By the time the last shipper on the line closed down in 1998, the ABL was still operating under both BNSF Railway (successor of the AT&SF) and the Union Pacific Railroad (successor of the WP). The ABL then ceased operations over the line, and the city purchased the plant back from ABL in hopes of possibly continuing rail operations. However, at this point the tracks were in bad shape, and due to no prospective customers along the line, the City of Alameda and the Alameda Belt Line Railroad filed for abandonment of the entire route in 2012.

105th Avenue Branch: The south part of Oakland was a heavy industrial area, once served by the 105th Avenue Branch off of the SP/UP main line. Though abandoned, the tracks still remain in the area.

Thanks to Andrew Laverdiere for contributing information about this route.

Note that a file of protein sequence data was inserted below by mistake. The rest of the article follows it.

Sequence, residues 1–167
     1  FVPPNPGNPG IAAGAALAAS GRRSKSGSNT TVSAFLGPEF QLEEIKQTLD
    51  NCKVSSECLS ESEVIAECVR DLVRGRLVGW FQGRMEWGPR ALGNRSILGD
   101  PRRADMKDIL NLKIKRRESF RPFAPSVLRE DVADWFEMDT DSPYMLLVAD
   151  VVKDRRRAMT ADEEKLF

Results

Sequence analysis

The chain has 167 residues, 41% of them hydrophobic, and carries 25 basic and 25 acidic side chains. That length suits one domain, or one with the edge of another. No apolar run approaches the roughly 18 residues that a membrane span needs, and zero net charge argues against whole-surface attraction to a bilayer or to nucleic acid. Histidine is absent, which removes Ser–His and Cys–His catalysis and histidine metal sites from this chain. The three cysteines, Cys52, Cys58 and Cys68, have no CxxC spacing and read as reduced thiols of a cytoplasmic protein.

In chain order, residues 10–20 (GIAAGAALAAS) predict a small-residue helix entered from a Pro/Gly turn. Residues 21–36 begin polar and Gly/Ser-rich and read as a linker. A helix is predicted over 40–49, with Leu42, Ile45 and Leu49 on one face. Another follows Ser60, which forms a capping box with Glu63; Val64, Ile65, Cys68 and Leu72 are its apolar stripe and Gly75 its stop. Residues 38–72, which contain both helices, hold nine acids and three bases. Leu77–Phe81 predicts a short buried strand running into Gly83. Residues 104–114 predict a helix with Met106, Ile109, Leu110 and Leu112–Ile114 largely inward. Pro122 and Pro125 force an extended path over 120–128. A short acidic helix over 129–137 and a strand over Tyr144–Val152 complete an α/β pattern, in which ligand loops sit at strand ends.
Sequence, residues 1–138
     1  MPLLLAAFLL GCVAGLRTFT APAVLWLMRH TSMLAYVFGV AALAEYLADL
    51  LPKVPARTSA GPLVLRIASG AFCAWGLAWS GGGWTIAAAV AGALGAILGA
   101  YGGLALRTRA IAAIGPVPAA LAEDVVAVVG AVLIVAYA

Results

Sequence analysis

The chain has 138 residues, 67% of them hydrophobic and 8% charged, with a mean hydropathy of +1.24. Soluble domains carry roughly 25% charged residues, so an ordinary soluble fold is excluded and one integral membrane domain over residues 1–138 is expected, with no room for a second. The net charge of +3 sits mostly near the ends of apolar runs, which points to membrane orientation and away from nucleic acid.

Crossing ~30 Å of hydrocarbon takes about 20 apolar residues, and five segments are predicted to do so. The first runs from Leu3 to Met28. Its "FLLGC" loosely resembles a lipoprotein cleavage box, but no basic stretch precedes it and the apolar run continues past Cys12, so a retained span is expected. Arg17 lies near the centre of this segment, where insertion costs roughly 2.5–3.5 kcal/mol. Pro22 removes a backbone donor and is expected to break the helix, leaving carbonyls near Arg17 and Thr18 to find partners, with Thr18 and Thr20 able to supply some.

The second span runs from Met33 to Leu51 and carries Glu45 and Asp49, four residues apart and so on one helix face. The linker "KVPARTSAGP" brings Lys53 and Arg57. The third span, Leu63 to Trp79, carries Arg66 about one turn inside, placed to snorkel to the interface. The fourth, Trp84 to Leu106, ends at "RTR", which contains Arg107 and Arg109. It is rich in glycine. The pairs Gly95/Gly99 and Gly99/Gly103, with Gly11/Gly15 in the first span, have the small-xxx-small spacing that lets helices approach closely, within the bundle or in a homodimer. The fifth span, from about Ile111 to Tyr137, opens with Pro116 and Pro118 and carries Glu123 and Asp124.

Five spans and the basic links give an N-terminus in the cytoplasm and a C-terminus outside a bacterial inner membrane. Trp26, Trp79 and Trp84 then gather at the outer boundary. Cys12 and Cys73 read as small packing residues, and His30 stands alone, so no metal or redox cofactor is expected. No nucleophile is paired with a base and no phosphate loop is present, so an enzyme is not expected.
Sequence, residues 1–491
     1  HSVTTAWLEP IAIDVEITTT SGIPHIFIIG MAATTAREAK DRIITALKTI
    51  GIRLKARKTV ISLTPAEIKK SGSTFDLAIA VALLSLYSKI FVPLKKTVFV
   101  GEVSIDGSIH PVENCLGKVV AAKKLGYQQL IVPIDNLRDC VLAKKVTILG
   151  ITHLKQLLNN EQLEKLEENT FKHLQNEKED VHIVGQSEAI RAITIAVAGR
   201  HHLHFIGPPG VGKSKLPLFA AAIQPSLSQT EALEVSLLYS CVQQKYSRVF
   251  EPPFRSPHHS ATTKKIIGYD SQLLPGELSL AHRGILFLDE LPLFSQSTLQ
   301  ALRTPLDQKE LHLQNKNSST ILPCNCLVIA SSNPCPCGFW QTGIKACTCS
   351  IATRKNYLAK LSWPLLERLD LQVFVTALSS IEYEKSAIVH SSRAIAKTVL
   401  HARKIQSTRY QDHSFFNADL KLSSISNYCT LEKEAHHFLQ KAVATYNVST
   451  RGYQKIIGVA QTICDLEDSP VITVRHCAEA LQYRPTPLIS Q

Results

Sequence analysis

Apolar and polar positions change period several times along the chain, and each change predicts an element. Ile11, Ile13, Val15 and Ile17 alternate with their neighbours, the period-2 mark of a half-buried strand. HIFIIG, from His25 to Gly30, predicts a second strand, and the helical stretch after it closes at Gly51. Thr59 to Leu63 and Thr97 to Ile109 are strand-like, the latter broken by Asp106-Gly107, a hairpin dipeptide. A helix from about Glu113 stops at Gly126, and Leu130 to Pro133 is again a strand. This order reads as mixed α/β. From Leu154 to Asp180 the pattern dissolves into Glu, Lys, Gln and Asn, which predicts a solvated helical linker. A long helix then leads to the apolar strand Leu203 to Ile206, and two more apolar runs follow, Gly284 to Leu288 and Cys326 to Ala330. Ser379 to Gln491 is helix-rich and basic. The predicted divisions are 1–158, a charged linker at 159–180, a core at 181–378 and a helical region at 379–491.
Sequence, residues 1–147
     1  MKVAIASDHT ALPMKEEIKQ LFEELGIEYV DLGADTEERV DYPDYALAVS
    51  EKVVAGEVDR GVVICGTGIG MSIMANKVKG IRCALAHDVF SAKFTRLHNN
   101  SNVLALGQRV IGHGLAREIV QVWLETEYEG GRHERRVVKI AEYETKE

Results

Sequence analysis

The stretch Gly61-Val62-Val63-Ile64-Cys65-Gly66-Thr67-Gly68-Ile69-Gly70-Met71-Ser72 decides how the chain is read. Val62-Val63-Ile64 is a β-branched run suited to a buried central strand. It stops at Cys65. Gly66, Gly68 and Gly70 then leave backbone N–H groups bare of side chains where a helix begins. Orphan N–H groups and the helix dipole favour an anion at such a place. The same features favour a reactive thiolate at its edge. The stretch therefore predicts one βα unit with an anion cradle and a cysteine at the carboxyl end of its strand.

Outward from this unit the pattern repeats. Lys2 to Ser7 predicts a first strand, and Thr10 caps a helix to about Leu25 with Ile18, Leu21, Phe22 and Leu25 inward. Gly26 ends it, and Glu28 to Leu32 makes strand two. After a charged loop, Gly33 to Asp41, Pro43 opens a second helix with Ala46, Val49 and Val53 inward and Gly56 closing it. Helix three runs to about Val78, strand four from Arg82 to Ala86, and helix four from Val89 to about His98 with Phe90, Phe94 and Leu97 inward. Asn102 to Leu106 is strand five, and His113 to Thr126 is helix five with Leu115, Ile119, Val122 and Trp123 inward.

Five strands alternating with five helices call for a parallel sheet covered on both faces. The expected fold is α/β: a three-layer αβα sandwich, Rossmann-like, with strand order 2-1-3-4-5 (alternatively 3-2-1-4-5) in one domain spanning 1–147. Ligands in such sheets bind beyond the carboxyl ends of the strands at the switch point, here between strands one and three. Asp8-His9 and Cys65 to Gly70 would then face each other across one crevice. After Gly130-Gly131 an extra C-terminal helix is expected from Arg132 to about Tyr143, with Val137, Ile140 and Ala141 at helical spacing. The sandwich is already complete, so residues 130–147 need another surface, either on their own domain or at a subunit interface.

Historic ICC Abandonment Filings

Docket Number: 17438 Date: 7/24/1951 Section: 1(18)
App. of City of Alameda, Calif, for abandonment by Southern Pacific Company of its line of railroad on Lincoln Avenue, Alameda, Alameda County, Calif, approx. 10,190 feet.
Length: 1.93 miles Citation: 290 ICC 803  

STB Filings and Decisions

Docket Number   Activity

Most of the Clementine Ave. line is still visible in Google Maps. You can zoom the satellite view in pretty far, and about 2/3 of the street is covered with "Street View" as well. Of course, they don't have the date of the imagery so it's probably a bit older than the photos here.

Mike B
Sacramento, CA